Thought you were a citizen? Dominican Republic changes the rules.

The Dominican Republic’s top court ruled that children of immigrants don't qualify for citizenship, even if born there. The move could be hugely disruptive to Haitians in the DR.

Ezequiel Abiu Lopez/AP/File
A youth of Haitian descent holds a sign saying, 'I'm Dominican' during a protest demanding that President Danilo Medina stop the process to invalidate their birth certificates after authorities retained their ID cards, in Santo Domingo, Dominican Republic, Aug. 12. The Dominican Republic's top court on Thursday, Sept. 26, 2013 stripped citizenship from thousands of people born to migrants who came illegally, a category that overwhelmingly includes Haitians brought in to work on farms. The decision cannot be appealed, and it affects all those born since 1929.

For five years, Altagracia Jean Joseph has fought for the Dominican government to recognize her as a citizen.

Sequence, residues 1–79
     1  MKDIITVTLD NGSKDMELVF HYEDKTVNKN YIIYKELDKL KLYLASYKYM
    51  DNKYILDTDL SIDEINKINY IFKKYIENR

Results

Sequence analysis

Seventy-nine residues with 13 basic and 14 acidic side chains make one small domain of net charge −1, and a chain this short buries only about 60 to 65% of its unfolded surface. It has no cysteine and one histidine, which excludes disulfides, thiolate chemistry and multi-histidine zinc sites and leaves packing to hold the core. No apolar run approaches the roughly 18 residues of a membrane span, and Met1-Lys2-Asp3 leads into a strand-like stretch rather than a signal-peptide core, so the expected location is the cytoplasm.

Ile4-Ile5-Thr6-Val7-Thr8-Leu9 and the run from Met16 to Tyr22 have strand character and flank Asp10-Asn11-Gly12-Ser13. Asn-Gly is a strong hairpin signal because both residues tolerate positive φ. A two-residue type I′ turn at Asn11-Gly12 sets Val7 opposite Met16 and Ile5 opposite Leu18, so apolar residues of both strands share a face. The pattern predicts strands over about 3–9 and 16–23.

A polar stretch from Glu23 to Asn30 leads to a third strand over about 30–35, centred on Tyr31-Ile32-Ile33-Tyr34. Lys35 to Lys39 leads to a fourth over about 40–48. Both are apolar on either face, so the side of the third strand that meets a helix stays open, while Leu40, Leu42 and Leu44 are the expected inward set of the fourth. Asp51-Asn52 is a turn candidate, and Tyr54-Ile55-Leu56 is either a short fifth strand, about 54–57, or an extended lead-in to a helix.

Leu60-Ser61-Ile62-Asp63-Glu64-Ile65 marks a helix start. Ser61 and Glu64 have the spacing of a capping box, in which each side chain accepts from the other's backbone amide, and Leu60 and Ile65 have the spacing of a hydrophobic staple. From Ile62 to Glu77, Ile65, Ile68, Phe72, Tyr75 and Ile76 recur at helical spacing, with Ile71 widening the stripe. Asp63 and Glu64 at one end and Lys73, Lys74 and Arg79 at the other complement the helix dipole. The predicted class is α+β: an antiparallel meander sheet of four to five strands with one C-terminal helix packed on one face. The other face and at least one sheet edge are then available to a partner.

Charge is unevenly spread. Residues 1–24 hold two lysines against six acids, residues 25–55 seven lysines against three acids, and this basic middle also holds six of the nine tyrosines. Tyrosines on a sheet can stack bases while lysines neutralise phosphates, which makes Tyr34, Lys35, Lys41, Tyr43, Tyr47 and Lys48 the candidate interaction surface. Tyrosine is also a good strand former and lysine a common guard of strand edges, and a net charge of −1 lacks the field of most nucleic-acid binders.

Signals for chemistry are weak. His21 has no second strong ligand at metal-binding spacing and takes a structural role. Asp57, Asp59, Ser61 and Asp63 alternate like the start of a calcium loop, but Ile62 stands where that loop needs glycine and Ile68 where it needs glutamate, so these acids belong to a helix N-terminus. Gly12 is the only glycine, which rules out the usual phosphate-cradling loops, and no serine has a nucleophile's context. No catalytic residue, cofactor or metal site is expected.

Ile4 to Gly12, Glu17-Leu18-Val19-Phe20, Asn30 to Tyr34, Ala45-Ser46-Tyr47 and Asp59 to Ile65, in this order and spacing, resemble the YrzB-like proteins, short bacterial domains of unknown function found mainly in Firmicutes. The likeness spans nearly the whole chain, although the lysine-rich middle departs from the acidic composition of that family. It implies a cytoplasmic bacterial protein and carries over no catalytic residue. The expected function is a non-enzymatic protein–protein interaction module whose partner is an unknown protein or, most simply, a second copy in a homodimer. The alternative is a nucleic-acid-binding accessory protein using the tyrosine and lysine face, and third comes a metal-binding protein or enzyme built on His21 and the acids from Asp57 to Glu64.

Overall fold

Born in the Dominican Republic to Haitian parents, she was 23 when she first asked for a copy of her birth certificate, a document needed here to do everything from marry to attend university.

Even though Ms. Jean Joseph was previously registered as a citizen and her father was in the country legally when she was born, the civil registrar refused to provide the document because they assumed she was Haitian, she said.

“All of the sudden one day they told me I wasn’t Dominican because I had a strange last name,” says Jean Joseph.

She eventually convinced the civil registry to give her a copy of her birth certificate, only to watch her three siblings later struggle through the same situation. “This is our lives they are affecting,” says Jean Joseph. She may have been legally registered here at birth, but many government institutions and employers require a recently certified copy of a birth certificate to apply for basic services.

Now, her future is again in question. Last week the Dominican Republic’s top court ruled that children of immigrants – like Jean Joseph – do not qualify for citizenship even if they were born here.